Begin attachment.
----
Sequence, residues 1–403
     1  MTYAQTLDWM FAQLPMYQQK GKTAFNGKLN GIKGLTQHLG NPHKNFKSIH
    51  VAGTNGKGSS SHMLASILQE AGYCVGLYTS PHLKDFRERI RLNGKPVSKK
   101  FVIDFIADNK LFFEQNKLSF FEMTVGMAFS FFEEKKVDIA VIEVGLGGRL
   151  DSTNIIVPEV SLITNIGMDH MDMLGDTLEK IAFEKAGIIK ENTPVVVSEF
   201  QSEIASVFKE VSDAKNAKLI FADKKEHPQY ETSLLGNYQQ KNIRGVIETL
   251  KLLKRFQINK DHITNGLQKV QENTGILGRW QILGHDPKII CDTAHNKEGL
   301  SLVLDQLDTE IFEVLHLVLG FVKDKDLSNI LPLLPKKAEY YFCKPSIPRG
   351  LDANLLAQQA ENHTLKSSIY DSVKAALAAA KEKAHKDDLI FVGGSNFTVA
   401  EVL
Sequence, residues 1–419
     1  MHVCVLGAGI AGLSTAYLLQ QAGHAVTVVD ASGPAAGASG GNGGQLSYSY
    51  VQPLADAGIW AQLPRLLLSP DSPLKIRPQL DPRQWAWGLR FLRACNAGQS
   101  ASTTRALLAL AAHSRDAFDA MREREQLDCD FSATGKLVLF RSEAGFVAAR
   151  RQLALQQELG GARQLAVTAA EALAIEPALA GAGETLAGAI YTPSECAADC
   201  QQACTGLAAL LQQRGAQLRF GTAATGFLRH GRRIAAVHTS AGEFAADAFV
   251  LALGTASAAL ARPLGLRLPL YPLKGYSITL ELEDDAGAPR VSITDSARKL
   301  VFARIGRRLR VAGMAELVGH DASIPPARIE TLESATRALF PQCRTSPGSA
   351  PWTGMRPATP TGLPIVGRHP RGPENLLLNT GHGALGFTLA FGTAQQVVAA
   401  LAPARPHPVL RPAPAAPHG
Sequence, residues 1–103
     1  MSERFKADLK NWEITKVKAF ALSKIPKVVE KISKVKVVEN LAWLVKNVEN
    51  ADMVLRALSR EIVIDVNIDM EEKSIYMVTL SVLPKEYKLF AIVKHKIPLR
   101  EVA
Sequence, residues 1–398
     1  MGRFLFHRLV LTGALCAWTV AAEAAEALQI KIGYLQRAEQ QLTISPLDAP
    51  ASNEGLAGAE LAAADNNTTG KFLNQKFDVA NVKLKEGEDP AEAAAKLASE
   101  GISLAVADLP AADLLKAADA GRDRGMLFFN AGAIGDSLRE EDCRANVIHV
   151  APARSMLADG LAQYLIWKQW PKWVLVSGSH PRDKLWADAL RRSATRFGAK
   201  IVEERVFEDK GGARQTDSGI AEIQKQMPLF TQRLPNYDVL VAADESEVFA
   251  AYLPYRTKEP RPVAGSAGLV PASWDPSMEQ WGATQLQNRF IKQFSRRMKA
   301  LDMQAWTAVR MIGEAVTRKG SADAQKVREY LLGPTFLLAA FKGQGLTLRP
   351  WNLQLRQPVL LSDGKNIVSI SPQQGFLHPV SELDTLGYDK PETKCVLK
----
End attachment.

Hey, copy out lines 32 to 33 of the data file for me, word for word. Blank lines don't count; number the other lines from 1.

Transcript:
   301  LDMQAWTAVR MIGEAVTRKG SADAQKVREY LLGPTFLLAA FKGQGLTLRP
   351  WNLQLRQPVL LSDGKNIVSI SPQQGFLHPV SELDTLGYDK PETKCVLK